Our tax pays for the public services that we all use, so most of us don’t see it as a problem that we have to pay it. However, a high tax bill can put a serious dent in one’s income and when it comes to tax refunds, not all of us know if we are entitled to one or what we’re entitled to.
Let’s delve into some of the factors that can influence how much we pay and if we may be able to receive a refund.
Your tax code
An incorrect tax code is possibly the most common cause for overpaid tax (if you are employed). This can happen for several reasons such as information not getting updated at the tax office, your employer making a mistake on a PAYE return or simply accepting that you must be one of the lucky people that pays a lot of tax and not questioning it.
The number on your tax code, when multiplied by ten (give or take £5), is the amount of money you can earn before you pay tax. This is known as your ‘personal allowance’. The letters mean various things:
L – you are entitled to the basic personal allowance (currently £8,105 for the 2012/13 tax year)
P – You are aged between 65-75 and eligible for full personal allowance (£10,500)
Y – Over 75 years old and eligible for full personal allowance (£10, 660)
T – The HMRC believes there are other items that need to be considered when calculating tax
NT – No tax is to be taken
BR – ‘Basic rate’, which is at 20%
D0 – You income is tax at a higher rate, around 40%
If you think that your tax code is wrong you can get in touch with HMRC on 0845 300 0627 (I got the number from here: http://search2.hmrc.gov.uk/kb5/hmrc/contactus/view.page?record=hpkspulskxM
Check your previous Tax Returns
If you are self employed or have additional income to your usual job you should be submitting a Tax Return every year. This provides HMRC with details of your income and your expenses. The simple way to work out how much tax you pay is to subtract the expenses and then your ‘personal allowance’ from your income and you pay tax on the rest (profit!).
If you haven’t entered all of your expenses then the profit will be higher and so will your tax bill. It’s best to get advice from a good accountant about this or you could be paying too much tax and you (or a bad accountant) could have been making the same mistakes for years.
Go back through your previous tax returns. You can amend the figures and claim for a refund from up to four years ago.
You can’t just make up more expenses; you need to have the proof and as you’re supposed to keep everything for 6 years anyway that shouldn’t be too much trouble should it?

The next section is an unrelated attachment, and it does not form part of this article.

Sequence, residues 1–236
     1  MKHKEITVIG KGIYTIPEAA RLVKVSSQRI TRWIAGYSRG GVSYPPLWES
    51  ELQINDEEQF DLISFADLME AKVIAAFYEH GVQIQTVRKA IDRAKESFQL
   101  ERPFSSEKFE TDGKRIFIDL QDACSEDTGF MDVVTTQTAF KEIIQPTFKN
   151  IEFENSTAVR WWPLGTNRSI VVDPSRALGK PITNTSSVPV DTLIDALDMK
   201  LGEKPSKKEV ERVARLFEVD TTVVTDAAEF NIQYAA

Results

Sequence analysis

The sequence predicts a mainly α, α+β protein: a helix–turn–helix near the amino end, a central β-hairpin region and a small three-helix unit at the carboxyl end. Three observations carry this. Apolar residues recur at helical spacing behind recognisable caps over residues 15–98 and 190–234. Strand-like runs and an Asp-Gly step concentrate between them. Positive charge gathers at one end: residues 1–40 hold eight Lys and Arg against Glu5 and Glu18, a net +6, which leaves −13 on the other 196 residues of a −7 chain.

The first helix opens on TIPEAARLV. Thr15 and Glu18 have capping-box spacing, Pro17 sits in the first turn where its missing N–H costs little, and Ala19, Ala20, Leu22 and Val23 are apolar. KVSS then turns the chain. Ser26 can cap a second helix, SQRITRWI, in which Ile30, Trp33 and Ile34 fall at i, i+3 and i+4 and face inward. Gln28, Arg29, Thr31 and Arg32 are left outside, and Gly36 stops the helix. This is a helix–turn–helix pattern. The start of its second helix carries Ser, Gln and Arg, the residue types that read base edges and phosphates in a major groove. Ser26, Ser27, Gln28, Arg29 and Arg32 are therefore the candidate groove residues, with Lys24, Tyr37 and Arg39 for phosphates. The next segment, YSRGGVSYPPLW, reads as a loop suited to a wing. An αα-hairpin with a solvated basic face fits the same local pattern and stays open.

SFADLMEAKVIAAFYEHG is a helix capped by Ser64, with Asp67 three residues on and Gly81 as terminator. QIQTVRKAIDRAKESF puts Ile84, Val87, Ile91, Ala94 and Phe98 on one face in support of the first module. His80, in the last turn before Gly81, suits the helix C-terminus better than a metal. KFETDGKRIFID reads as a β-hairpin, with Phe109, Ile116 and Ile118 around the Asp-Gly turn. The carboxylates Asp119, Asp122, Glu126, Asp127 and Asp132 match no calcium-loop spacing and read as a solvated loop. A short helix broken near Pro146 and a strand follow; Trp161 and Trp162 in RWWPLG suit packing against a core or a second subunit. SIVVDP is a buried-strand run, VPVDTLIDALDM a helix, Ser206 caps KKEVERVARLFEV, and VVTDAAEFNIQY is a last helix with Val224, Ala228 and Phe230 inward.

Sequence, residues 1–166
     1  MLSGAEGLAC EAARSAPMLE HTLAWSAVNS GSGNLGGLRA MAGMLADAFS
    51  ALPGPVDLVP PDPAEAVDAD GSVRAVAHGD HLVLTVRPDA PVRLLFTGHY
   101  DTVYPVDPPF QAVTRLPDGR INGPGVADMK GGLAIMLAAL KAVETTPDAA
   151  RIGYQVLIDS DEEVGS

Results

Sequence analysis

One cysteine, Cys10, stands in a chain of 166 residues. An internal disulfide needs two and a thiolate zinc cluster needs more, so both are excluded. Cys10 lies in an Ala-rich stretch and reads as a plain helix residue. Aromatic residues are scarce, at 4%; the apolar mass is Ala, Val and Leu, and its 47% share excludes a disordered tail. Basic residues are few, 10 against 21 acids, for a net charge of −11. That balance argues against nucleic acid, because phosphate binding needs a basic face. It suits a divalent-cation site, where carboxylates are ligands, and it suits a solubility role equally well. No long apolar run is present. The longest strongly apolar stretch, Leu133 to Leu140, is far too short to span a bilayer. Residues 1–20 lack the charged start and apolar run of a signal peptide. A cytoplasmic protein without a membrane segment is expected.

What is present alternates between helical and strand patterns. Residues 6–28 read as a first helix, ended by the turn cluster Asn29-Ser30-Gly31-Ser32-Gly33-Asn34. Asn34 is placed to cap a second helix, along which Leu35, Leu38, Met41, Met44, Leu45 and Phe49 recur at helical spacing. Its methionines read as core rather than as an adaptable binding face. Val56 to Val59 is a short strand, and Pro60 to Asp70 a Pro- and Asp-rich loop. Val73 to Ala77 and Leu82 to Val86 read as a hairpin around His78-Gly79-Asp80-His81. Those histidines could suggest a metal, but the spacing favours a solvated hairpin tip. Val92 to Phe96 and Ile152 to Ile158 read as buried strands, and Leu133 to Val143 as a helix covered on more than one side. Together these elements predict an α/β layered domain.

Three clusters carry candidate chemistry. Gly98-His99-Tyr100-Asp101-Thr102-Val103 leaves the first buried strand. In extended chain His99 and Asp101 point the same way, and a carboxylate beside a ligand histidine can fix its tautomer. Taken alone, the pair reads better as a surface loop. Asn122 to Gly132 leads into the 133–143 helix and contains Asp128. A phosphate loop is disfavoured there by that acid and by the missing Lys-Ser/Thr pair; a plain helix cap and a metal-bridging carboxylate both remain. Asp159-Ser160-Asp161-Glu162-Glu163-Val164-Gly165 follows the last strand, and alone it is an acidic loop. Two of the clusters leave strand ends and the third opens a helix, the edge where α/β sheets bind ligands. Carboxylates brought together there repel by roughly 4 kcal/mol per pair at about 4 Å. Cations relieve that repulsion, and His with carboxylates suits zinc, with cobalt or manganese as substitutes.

The important thing to note is you can only use expenses that have occurred in your direct line of work.
To make the process simple there are (as one would expect) companies that specialise in helping people obtain tax refunds. One such is RIFT who started in 1999 and to date have helped claim back over £30 million!
Make an effort not to declare tax free income
There are a few savings and investment products that can be utilised to ensure your savings aren’t hit by tax. The most well known of these is the ISA which, offers you tax free interest on your savings. Don’t declare the interest as income from these types of savings to the HMRC. It’s not evading tax – these savings are tax free for a reason!
If you’re not sure about that it actually confirms as much on the HMRC website.
The specific wording is: You do not have to declare income and capital gains from ISA savings and investments or even tell your tax office that you have an ISA.
Are you saying ‘Doh!’ about now?
If you are then decide if you need to seek professional help (for your tax). If you are paying too much tax because of a mistake in your self-assessment form it may take a keen eye to spot it and may require an audit by a bookkeeper but once you get it right you will get the tax back that you didn’t need to pay.
Look into everything you earn and what you spend to make sure that you’re paying the correct amount of tax.
Keep every receipt! In fact, keep everything! Let your bookkeeper sort it out! That’s what good ones do!
Any information shared on UKMoneyPot does not constitute financial advice. The Website is intended to provide general information only and does not attempt to give you advice that relates to your specific circumstances. You are advised to discuss your specific requirements with an independent financial adviser.